What influences did you draw from in creating the film?
The intention was to make a very ‘social-realist’ film. The films that I’ve done are based on stuff that I've heard or seen or done while travelling. I went to Ukraine seven or eight years ago and that's where I first heard about these parties, and I’ve actually lived in Hungary too, so I know a lot about the culture, the atmosphere, and how people talk, and dress in Eastern Europe. But of course, when I had the idea to make this short, I still did a lot of interviews, research and reading to find out as much information as I could on the subject.
Are there any aspects of the film that reflect you as a person in any way, or is the story purely grounded in the experiences of the characters?
Yes. There is a lot of humour in the film and all of the jokes are very ‘me’. For example, the jokes in the café scene where the party organiser explains why American men prefer to marry Ukrainian women, or in the scene at the bar when the translator intentionally mistranslates Anna's responses when she says that Anna doesn’t have any hobbies and only likes to do housekeeping. When you make a film everything is constructed, every small detail, and when you're preparing to make it you do a lot of research: you read, watch documentaries, look for locations, look for actors. The job of the director is to make all these decisions. I’m involved with the editing and sound design of the film too, so by the end, it's very much ‘me’. A lot of people are not like that though, they shoot and then they give the film to the editor and the editor does the editing by himself, but I do everything in my films.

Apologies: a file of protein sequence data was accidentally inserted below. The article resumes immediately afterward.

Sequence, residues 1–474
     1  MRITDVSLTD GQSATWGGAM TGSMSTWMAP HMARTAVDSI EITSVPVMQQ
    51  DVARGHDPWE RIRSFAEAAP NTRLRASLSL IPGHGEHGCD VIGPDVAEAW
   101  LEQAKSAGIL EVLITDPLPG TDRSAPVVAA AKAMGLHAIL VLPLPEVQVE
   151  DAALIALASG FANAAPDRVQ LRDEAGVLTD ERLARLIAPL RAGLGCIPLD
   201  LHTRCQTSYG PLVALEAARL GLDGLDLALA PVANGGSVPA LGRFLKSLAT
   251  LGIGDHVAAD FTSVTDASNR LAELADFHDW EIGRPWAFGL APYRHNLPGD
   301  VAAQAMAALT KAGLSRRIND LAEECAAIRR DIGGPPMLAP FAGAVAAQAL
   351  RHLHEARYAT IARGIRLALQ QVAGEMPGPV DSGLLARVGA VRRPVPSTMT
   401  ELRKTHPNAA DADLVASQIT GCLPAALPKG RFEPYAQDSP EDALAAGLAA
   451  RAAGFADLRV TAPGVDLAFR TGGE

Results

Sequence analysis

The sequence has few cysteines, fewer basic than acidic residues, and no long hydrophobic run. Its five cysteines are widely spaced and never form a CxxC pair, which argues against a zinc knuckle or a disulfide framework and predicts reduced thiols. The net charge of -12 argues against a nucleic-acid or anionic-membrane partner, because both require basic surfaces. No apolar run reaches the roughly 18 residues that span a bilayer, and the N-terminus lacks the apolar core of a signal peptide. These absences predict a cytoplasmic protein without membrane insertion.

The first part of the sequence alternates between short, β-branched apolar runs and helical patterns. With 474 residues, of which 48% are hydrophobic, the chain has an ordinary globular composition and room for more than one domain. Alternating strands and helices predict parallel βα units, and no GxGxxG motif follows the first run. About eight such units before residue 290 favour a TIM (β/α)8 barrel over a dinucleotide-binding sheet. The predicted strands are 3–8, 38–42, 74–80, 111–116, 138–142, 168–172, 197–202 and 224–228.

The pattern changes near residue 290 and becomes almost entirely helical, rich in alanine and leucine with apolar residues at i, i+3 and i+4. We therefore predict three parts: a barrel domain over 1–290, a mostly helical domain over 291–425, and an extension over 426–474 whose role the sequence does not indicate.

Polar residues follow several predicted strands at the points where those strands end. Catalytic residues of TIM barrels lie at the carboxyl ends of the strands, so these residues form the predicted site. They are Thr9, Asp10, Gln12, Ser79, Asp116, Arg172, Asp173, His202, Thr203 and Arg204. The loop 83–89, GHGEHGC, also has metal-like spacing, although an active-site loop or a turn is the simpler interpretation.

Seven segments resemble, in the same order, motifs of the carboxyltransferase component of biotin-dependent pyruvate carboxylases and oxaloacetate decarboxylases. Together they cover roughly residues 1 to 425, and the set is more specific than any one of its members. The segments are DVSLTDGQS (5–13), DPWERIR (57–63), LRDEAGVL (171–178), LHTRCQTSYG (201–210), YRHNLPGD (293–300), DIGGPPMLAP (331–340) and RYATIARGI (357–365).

How much freedom were the actors given to interpret your vision for the film in terms of the script?
The script was relatively strict, but we did a lot of rehearsals and so certain things came out. For example, the girl who plays the interpreter said “I think she is very ‘interested’” instead of ‘interesting’ because she is not a [native] English speaker. She made a mistake, but I thought it was great, so I didn’t correct her and decided to keep it. And for the dance scenes, when Anna is at the party, we just played music and I asked her to dance. The problem with actors is that they act, and you don't want them to act, you want them to look natural. Anna started dancing when she didn’t realise the camera was shooting, and in the end that's the scene that we used in the film.